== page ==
The Olympic Logo History
The Olympic Games are one of the world’s largest media events. This video shows posters of the Game, where they were held, the year, and how the Olympic Logo has changed over the years. Video has background music.
African American Studies 40A: African American Studies
This course is an interdisciplinary introduction to important historical, cultural, literary, and political issues concerning African Americans. Through critical readings of literary, artistic, and filmic texts, this course provides an overview of African American experiences from the 17th through mid-20th centuries. Emphasis will be placed on developing an understanding of the historical and cultural experiences of African Americans from the beginning of the Transatlantic Slave Trade through th
Internet Scout Project
Although some might fear that limited land resources and the usual development pressures are working to reduce Britain's natural history to footnote status, this website from the Natural History Museum in London effectively documents the UK's impressive biological and geological diversity. The site consists of interactive database features as well as videos (in both Windows Media and Quicktime formats). Exploring Biodiversity, an interactive introduction for students to UK biodiversity, allows u
Actions speak louder than words.
"The Land of Liberty" was the ironic title of this cartoon published in an 1847 edition of the British satirical weekly Punch. As the cartoon suggests, Americans faced a number of dilemmas and crises that came to revolve around the institution of slavery and its expansion into the West. As slavery became more entrenched in Southern social and economic life, the war against Mexico, the forced removal of Native Americans from the Southeastern United States, and conflicts between rich and poor whit
"A Sop to the Public at Large": Contestant Herbert Stempel Exposes Contrivances in a 1950s Televisio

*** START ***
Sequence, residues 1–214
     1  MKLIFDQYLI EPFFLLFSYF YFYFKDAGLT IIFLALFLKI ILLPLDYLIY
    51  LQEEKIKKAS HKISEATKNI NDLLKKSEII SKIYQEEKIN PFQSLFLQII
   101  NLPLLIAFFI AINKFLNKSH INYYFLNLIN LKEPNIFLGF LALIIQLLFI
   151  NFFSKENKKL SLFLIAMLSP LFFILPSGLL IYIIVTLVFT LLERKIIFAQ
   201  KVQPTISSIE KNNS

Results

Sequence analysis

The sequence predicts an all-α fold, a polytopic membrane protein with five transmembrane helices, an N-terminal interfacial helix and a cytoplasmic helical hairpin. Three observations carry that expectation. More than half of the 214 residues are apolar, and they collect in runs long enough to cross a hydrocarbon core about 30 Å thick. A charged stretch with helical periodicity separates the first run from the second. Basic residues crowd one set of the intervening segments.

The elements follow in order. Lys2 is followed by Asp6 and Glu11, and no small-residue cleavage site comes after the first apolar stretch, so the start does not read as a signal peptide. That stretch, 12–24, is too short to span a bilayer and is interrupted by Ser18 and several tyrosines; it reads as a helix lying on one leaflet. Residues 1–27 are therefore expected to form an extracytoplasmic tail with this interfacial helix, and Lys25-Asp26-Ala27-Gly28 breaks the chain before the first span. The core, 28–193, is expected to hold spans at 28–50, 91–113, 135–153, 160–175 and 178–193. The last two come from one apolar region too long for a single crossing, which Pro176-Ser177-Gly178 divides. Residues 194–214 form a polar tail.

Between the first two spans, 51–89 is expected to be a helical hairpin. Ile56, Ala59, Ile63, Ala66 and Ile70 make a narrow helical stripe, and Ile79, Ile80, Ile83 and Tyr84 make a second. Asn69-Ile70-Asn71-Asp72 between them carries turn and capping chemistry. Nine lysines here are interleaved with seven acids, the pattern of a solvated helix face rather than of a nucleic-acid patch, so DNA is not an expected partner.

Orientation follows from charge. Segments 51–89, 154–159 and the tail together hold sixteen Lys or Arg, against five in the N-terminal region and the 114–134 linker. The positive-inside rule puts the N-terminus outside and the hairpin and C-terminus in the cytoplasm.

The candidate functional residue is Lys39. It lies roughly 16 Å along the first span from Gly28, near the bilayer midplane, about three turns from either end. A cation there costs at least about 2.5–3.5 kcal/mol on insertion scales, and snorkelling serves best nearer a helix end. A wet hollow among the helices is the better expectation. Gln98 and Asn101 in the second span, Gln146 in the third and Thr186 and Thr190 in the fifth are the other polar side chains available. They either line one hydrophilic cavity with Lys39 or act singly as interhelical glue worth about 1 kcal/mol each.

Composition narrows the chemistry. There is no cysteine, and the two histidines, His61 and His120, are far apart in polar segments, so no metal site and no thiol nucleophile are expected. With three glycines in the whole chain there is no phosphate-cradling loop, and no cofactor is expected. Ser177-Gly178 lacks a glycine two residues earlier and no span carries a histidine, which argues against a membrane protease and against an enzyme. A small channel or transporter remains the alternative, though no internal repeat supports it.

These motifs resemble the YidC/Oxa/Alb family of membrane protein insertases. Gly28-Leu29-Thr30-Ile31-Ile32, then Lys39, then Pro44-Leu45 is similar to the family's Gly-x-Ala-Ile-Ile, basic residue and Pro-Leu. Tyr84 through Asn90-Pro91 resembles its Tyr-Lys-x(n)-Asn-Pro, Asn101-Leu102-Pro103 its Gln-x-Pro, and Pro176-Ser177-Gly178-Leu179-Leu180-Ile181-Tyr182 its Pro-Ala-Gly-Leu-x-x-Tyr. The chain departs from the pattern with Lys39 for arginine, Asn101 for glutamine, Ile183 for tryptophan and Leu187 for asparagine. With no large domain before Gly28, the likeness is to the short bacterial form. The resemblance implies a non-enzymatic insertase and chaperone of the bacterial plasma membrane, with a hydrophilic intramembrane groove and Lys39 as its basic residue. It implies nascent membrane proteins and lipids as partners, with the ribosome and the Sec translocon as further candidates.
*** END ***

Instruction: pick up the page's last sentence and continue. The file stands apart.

Television had become the nation's largest medium for advertising by the mid-1950s, when the Revlon cosmetics corporation agreed to sponsor The $64,000 Question, the first prime-time network quiz show to offer contestants fabulous sums of money. As Revlon's average net profit rose in the next four years from $1.2 million to $11 million, a plethora of quiz shows tried to replicate its success. At the height of their popularity, in 1958, 24 network quiz shows--relatively easy and inexpensive to pr
"A society of patriotic ladies."
Cheap prints depicting current events were in great demand in both England and the colonies. This 1775 British print presented a scene in Edenton, North Carolina. Fifty-one women signed a declaration in support of nonimportation, swearing not to drink tea or purchase other British imports. Boycotts of British goods became a widespread form of protest to the Townshend Duties, enacted in 1767 to tax goods such as paint, paper, lead, glass, and tea when they arrived in America. Abstaining from Euro
A Labor Newspaper Derides the Myth of the Self-Made Man
One of the prime frustrations of labor organizers in the late 1800s was the powerful myth that every American could attain untold riches if sufficiently hardworking and ambitious. The faith that some workers had in this mythology of the "self-made man" inhibited unionization and the spread of radical ideology. The anonymous writer of this 1877 editorial in the Labor Standard took aim at the national obsession with making money at any cost.
Cardiff Records: volume 1
Contains the charters of the city (1147-1687), and ministers' accounts. It also provides Cardiff-related extracts from records of The National Archives, including: inquisitions post mortem; proceedings in Star Chamber; Exchequer records; Patent Rolls and State Papers.
This website contains class notes from a 100 level Calculus course at University of British Columbia. The site contains examples and explanations of Euler's method. The lecture notes explain a simple initial value problem to numerically approximate solutions to differential equations, Euler's method and a logistic equation.
This not-for-profit site is intended to make vocal music and lyrics of the of the early 19th century in the British Isles, Europe, Canada, the United States, and Australia more accessible. It includes contemporary music of the period and later settings (e.g., Brian Holmes's complete score for Death's Jest Book and Lori Lange's settings of Byron lyrics).